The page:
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The Path Of The Prokoptôn Must, For A Time, Be Rife With Vice
Vice before Virtue. This is the way.
Yesterday I wrote an article about Stoicism and addiction and how they are compatible inasmuch that a Stoic Prokoptôn applies Stoicism to work through their addiction in the same way they might apply Stoicism to overcome their temper or gluttony.
This morning, minutes ago in fact, I’m was sitting on the second floor of the Costa Coffee across from the Theatre Royal in downtown Newcastle doing some script writing for the podcast. I like to sit next to the slightly opened window to hear the sounds of the street as I write.
He’s not picture but there was a man down there, a homeless man I’ve encountered a few times since I arrived in Newcastle nearly a month ago, acting a bit erratic and asking people for, presumably, money. Having been around him before, my impression that he is an addict, or suffering from an unaddressed mental health issue, is, I feel, a reasonable one.
Eventually he walked over to two people, a woman on the phone and an elderly man (I would guess, from my vantage point, in his early 70s) and begins conversing with them. The woman walked away, clearly annoyed with him, and he continued to talk with the old man. At this point I looked away and returned to writing.
Not too long after this I looked up again to see this homeless man in the street, waving his hands around like a maniac, attempting to flag down a car.
I looked for the old man and noticed him standing a few yards away looking aloof.
A taxi stopped, and the homeless man rushed over to the old man, put his arm around the small of his back, and guided him gently and patiently to the pulled over taxi van. The old man had a hard time walking, looked confused, but I couldn’t hear the conversation.
The impression I assented to was that this old man was lost, perhaps he had dementia and didn’t know how to get home — this seemed to match what I was watching unfold.
The homeless man assisted the old man getting into the taxi and then, in a move that made me tear up, he reached into his pocket and took out some money (of which I think it’s reasonable to assume he did not have much of) and gave it to the taxi driver.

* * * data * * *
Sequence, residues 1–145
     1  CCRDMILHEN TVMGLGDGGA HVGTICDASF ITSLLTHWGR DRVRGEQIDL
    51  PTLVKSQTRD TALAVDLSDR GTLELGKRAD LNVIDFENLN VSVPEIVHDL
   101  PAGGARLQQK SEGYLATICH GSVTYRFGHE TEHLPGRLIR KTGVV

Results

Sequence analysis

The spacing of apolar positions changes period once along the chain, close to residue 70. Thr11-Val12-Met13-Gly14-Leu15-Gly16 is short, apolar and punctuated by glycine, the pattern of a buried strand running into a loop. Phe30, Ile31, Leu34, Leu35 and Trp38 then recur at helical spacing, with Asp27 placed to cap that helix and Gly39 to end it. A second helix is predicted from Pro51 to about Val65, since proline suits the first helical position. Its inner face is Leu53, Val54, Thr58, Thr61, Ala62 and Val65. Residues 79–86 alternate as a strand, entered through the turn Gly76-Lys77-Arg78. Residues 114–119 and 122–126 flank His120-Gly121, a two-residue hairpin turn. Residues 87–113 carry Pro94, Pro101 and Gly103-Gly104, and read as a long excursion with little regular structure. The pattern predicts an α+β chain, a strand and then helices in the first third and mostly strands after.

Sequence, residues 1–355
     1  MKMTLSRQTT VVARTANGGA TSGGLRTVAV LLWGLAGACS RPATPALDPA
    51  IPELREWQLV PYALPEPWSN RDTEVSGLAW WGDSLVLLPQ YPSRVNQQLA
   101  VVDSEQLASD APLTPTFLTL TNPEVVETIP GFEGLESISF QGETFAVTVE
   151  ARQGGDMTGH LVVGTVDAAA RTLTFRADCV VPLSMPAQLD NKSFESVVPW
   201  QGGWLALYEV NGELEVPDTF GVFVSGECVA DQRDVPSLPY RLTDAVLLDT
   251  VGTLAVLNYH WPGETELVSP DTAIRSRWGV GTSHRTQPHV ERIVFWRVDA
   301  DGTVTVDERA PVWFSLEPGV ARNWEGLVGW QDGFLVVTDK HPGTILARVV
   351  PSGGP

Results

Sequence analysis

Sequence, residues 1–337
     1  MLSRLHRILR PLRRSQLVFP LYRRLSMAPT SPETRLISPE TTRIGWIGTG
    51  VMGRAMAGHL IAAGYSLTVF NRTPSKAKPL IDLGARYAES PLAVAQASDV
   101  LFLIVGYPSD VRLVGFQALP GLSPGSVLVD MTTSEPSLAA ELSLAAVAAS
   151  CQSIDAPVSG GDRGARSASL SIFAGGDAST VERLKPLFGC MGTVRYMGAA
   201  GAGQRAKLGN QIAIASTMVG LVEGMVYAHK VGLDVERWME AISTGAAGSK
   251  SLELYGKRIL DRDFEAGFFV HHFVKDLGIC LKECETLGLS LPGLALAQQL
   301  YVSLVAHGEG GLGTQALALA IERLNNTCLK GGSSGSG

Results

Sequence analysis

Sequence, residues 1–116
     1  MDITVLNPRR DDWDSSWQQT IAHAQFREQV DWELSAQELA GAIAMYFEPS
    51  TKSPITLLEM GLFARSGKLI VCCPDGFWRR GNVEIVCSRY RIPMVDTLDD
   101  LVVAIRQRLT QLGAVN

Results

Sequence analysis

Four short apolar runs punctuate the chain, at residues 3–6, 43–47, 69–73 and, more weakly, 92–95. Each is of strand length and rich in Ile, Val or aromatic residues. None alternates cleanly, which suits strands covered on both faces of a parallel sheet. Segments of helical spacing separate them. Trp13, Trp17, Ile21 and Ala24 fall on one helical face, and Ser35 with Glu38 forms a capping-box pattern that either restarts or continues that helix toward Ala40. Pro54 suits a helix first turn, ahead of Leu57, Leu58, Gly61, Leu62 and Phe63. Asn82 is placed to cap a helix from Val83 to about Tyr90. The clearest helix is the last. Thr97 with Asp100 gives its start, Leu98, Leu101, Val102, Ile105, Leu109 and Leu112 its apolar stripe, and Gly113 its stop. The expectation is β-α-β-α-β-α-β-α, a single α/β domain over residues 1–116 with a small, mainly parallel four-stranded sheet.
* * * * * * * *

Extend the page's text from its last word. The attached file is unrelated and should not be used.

The driver then drove away with the old man in tow.
The homeless man then seemed very giddy, and he went around to people and, in a voice loud enough for me to hear from my window, told them how he helped this old man find his way home. He told four people before he disappeared out of sight, likely on his way to tell the whole of Newcastle.
He was proud of what he had done, and it was clear it made him feel happy.
So to recount: a homeless man, who is very likely also a drug addict with unaddressed mental health issues, recognized the right thing to do and did it at (likely) great financial cost to himself, and was excited about having done it.
No one willingly pursues evil, or at least what he takes to be evil; human nature forbids that; furthermore, faced with the choice of two evils, no one will choose the greater if he can choose the lesser. — Socrates (Plato, Protagoras p. 358)
I want to reiterate my thoughts from yesterday, and I feel the Universe (and I admit that feels strange to say) has given me exactly the experience today that I needed to do so in, perhaps, a more clear way than yesterday (as, yesterday, I was angered by an indifferent and today I was inspired by a good act):
Stoic practice only exists within non-sages. The Sage doesn’t practice Virtue, per se — the Sage has achieved the knowledge of Virtue; meaning, according to our boy Socrates above, it is not possible for them to act viciously. A Stoic practice (what the rest of us are doing) necessarily includes failures; it is entirely couched in them.
Therefore the Stoic Prokoptôn is not free from the struggle of addiction, or the threat of viciousness, or the committing of a crime… a Stoic Prokoptôn must needs be struggling to overcome, for they are making progress and progress cannot be made without effort, and effort isn’t effort without struggle.
So, for the last time (I think), non-virtuous behavior is part and parcel of Stoic practice and only ceases to be so once practice is no longer needed because sagehood (the knowledge of Virtue) has been achieved.
I ask that we all keep this in mind when we judge who is an isn’t allowed to call themselves a Stoic — and I will do my best to apply that advice to my own words, because I sometimes fall into that same trap.
Thanks for reading.